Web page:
Let us check the Polity to begin with:
1. N is the set of all individuals in society.
And that which their politics concerns – the state of society.
2. S is the set of all possible information contained within society, so that a set s ∈ 2S (2S being the set of all possible subsets of S) contains all extant information about a particular iteration of society and will be called the state of society. S is an arbitrary topological space.
And the means by which individuals make judgements about that which their politics concerns. Their preferences over the information contained within the state of society.
3. Each individual i ∈ N has a complete and transitive preference relation ≽i defined over a set of preference-information Si ⊂ S such that si ≽ s′i can be read “individual i prefers preference information si at least as much as preference-information s′i”.
Any particular set of preference-information si ⊂ Si can be thought of as the state of society as viewed by individual i. The set of preference-information for individual i is a subset of the information contained within a particular iteration of society, so si ⊂ s ⊂ S.
A particular state of society s is a Pareto efficient if there is no other state of society s′ for which one individual strictly prefers their preference-information s′i ⊂ s′ to that particular state si ⊂ s, and the preference-information s′j ⊂ s′ in the other state s′ is at least as preferred by every other individual j ≠ i.
4. A state s ∈ S is said to be Pareto efficient iff ∄ s′ ∈ 2S & i ∈ N : s′i ≻ si & s′j ≽ sj ∀ j ≠ i ∈ N.
To put it crudely, a particular state of society is Pareto efficient if no individual can be made “better off” without making another individual “worse off”. A dynamic concept which mirrors this is the concept of a Pareto improvement – whereby a change in the state of society leaves everyone at least indifferent, and at least one individual in a preferable situation.
5. A movement between two states of society, s → s′ is called a Pareto improvement iff ∃ i ∈ N : s′i ≻ si & s′j ≽ sj ∀ j ≠ i ∈ N .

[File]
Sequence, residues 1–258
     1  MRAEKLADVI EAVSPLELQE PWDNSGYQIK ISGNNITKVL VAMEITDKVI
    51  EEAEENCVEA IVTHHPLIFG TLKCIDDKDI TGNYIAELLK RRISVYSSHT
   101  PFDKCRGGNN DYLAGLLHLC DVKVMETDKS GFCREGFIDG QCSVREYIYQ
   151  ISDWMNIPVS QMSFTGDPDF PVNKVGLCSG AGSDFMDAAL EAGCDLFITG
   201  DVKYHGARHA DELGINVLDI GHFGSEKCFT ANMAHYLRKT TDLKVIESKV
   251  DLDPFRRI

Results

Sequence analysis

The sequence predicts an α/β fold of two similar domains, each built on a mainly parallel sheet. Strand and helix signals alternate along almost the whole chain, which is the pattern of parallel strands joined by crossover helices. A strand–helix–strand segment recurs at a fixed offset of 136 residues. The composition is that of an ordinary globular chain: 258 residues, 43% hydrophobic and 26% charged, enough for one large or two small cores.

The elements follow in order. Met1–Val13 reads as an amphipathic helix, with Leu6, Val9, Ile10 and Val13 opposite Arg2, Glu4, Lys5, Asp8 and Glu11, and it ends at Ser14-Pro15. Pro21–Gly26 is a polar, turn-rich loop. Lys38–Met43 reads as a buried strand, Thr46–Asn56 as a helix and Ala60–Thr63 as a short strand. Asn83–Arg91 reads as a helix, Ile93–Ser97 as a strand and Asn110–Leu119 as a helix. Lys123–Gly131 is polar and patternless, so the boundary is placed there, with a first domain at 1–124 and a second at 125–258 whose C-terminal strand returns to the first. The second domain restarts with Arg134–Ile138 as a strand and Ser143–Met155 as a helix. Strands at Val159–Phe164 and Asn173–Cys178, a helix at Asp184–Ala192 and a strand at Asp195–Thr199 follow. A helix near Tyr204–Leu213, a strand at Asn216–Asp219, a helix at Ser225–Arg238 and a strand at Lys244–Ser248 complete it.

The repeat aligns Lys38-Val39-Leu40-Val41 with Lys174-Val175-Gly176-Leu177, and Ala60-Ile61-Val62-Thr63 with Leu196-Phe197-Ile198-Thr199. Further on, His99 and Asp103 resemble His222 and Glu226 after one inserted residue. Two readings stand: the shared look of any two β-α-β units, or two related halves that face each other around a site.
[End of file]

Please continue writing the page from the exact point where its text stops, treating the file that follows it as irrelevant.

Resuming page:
Note that this does not imply that s′ is a Pareto efficient state, because the same could potentially be said of a movement s′ → s′′. The state s′ is only a Pareto efficient state if we cannot find yet another state for which the movement to that state is a Pareto improvement. The following Theorem, demonstrates this distinction and gives an alternative definition of Pareto efficiency.
Theorem: A state s ∈ 2S is Pareto efficient iff there is no other state s′ for which the movement s → s′ is a Pareto improvement.
If one adheres to a consequentialist political doctrine (such as classical utilitarianism) rather than a deontological doctrine (such as liberalism) in which action is guided by some categorical imperative other than consequentialism, the guide offered by Pareto improvement is the least controversial, and least politically committal criterion to decision-making one can find. Indeed if we restrict political statements to those which concern the assignation of losses, it is a-political. It makes a value judgement only about who ought gain (whosoever stands to).
Unless one holds a strict deontological doctrine in the style, say, of Robert Nozick’s Anarchy state and Utopia (in which the maintenance of individual freedom is the categorical imperative), or John Rawls’ A Theory of Justice (in which again individual freedom is the primary categorical imperative and the betterment of the “poorest” the second categorical imperative), it is more difficult to argue against implementing some decision which will cause a change of society which all individuals in society will be at worst indifferent to. Than arguing for some decision rule which will induce a change of society which some individual will find less preferable. To the rationalisitic economist it seems almost petty, certainly irrational to argue against this criterion, like those individuals who demand “fairness” in the famous “dictator” experiment rather than accept someone else becoming “better off”, and themselves no “worse off”.